I had been noticing the "Like" signs posted on friends Facebook pages. The "Like" was for an ice cream shop that opened not far from our little humble abode. The "Like's" were posted by friends across US and Canada, so clearly this was a franchise that was known.
More and more the "so and so is a fan of" were popping up like cherry chips on facebook pages for this new ice cream place so I thought I would treat Mary and take her to try.
Thus, our first, and last (although we did not know it yet) visit to the Marble Slab Creamery, took place.
At first glance it seemed kinda cool. It looked from the parking lot like an old fashioned country looking store. Not realizing that this is a huge franchise, and has literally hundreds of locations across Canada, United States, United Arab Emirates, Kuwait, Lebanon, Bahrain, Singapore, and many many other locations. This is a serious business.
The line up was out the door and pouring onto the parking lot. Kids were everywhere in soccer uniforms, baseball caps with parents in tow. I should of known right away by the Porche Cayenne's and BMW X5's in the lot, that this was not your Grandmothers ice cream store.
Confusion started once we eventually got into the store. There were a few different lines to get in. Once we realized that one of the three lines was for those who required financing, we settled into the "We think we can afford a baby size" version of this new marble slab concoction.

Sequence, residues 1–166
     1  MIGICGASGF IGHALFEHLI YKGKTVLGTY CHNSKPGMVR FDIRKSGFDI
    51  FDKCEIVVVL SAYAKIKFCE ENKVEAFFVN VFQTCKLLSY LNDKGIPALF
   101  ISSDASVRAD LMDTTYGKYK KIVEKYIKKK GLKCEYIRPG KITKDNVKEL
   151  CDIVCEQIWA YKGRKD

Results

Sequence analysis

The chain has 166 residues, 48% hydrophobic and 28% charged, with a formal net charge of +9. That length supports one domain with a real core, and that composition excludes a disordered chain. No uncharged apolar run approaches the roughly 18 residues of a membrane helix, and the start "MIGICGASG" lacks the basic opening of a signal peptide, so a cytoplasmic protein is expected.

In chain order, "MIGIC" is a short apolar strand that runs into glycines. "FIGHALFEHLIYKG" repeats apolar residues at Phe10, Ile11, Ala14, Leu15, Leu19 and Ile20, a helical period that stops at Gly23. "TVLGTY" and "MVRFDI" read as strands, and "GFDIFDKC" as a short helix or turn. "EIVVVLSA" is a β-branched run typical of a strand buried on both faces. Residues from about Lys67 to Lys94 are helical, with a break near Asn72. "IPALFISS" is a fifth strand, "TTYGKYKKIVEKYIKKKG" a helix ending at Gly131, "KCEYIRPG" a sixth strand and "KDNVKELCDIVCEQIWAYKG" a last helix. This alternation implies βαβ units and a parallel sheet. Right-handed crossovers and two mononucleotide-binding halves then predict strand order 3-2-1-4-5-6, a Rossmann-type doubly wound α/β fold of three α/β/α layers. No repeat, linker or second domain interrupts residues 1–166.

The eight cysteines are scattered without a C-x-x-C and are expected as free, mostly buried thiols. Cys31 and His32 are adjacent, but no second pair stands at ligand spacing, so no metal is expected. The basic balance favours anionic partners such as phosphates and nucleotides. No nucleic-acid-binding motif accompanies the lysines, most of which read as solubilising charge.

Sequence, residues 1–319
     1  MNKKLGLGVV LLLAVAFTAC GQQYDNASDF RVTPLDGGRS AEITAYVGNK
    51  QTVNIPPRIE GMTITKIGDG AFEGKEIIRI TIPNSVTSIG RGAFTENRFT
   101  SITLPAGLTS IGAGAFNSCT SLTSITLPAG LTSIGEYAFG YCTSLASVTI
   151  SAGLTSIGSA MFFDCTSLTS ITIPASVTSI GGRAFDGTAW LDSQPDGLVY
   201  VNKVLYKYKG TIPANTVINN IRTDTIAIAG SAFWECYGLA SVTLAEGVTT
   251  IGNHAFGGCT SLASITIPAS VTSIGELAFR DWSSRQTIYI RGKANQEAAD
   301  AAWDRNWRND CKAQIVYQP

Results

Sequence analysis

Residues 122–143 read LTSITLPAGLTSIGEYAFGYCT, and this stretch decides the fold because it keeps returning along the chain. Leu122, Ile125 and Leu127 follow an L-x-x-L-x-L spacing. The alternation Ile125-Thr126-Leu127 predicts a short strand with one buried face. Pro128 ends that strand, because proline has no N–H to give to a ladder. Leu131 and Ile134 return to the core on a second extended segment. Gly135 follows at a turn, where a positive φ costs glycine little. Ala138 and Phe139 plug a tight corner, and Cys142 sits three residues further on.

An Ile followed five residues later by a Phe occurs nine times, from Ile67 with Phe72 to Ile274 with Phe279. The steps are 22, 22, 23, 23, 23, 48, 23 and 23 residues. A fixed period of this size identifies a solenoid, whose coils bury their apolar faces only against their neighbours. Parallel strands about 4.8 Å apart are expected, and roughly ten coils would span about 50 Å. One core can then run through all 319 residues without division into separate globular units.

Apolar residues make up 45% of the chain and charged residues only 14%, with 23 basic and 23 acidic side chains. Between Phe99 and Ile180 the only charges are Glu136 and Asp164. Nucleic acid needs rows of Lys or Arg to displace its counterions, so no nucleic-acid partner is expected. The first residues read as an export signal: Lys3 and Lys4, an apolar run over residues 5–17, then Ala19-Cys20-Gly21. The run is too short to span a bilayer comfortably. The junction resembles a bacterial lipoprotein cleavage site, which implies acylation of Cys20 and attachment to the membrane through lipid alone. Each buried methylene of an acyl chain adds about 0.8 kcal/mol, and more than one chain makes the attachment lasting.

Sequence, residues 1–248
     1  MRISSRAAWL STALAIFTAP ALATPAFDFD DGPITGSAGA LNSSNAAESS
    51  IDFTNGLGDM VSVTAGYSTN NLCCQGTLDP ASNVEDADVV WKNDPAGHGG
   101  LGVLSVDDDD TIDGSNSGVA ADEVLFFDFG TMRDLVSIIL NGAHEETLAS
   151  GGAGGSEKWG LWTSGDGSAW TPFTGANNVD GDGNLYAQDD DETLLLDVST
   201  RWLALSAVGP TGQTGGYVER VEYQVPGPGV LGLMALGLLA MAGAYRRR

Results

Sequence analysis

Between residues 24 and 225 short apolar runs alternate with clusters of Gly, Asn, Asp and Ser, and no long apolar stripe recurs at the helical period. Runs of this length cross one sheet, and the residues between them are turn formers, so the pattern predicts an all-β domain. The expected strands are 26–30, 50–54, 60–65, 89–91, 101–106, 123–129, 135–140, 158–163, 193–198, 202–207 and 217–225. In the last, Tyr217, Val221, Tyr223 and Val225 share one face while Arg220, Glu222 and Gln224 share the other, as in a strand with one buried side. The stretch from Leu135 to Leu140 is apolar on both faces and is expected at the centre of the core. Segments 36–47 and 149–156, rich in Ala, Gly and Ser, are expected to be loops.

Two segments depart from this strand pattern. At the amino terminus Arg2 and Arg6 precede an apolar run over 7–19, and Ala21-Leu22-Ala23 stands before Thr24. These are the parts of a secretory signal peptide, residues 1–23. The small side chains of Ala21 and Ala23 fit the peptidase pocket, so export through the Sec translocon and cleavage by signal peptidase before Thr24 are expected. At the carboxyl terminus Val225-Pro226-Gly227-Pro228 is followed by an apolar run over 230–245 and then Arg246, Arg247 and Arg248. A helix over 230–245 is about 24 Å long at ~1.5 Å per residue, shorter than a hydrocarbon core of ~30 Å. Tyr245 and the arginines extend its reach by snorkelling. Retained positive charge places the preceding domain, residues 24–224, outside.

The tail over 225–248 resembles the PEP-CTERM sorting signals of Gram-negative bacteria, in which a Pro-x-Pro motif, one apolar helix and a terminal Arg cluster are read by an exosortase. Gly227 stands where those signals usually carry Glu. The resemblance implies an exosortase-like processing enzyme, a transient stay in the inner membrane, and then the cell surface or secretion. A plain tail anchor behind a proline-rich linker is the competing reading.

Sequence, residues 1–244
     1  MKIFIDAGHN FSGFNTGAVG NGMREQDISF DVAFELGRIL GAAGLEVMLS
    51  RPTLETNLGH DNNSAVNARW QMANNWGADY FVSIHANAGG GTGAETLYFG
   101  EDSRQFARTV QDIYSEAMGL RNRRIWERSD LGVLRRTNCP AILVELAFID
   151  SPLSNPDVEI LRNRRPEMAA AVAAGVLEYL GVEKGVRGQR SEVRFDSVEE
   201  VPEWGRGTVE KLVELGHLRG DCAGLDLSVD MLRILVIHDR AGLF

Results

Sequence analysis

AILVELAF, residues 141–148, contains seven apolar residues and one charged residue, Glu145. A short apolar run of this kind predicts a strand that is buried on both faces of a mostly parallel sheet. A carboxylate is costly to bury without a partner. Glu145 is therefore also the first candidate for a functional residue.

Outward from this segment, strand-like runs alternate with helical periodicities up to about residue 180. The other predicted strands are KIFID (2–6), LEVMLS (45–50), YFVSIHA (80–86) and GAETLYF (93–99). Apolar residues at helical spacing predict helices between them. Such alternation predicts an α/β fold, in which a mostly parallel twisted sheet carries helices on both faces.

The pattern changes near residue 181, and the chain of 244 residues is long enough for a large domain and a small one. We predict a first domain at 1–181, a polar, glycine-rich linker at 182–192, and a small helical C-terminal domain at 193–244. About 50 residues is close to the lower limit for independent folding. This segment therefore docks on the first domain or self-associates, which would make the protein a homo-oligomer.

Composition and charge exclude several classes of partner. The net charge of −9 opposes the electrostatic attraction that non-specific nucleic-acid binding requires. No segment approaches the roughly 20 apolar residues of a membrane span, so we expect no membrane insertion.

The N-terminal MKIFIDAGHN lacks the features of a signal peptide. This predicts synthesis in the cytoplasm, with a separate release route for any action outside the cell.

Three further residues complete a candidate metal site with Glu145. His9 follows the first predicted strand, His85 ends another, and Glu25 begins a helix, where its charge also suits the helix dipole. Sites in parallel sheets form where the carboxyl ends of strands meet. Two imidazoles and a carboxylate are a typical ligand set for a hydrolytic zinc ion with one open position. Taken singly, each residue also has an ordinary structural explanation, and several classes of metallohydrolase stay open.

I jumped the line so I could preview what was ahead. I thought if I saw the flavours it would help speed things up. My confusion got pushed into deep confusion when I saw only a few options: Vanilla, Chocolate, and a darker chocolate.
"Wonder what the big deal is" I asked to no one in particular, but directed at the staff of 20 or so 16 year old working furiously away on the famous marble slab.
They were working with vigour, violence and determination and pounding and prodding "stuff: into the customers ice cream.
One of the "order takers" asked us for our decision, as if we were one of the regulars.
"How does this work" I asked.
A menu was given to us to look over.
Still more confusion.
There were lists and more lists of "stuff" to get thrown at our ice cream, which we read was made fresh daily.
"What is made fresh daily, the ice cream or the sprinkles, bobbles and sparkles that you add?" I ask the young girl with tongue in cheek.
"All our ice cream is made fresh daily" she answers.
"Right here, in this tiny overcrowded room?"
"No, we get it shipped here every second Tuesday."
"Oh, so made fresh daily, then stored for a few weeks, then shipped from India to here"
Kinda like the stores that say open 24 hours......but not in a row....over a three day period.
More confusion when Mary and I see a poster on the wall for what looks like a decent ice cream treat: "peanut crunch bobblicious sucker delight"
"Can we try a small one of those" we ask
"They are only on approved credit. You have to go to the OAC line and meet with the finance people." we are told.
We decide on a less expensive option and order a "Chocolate peanut butter" treat. The plain and unassuming (and quite non-flavorful" vanilla ice cream is scooped from the frozen bottom of freezer wasteland, where it no doubt was made fresh on this morning by Keebler elves in a magical forest. The marshmallows that can be added for a fee might also hail in the same box with the "Pink moons, and yellow stars" that for $3 for 2 of each are yours!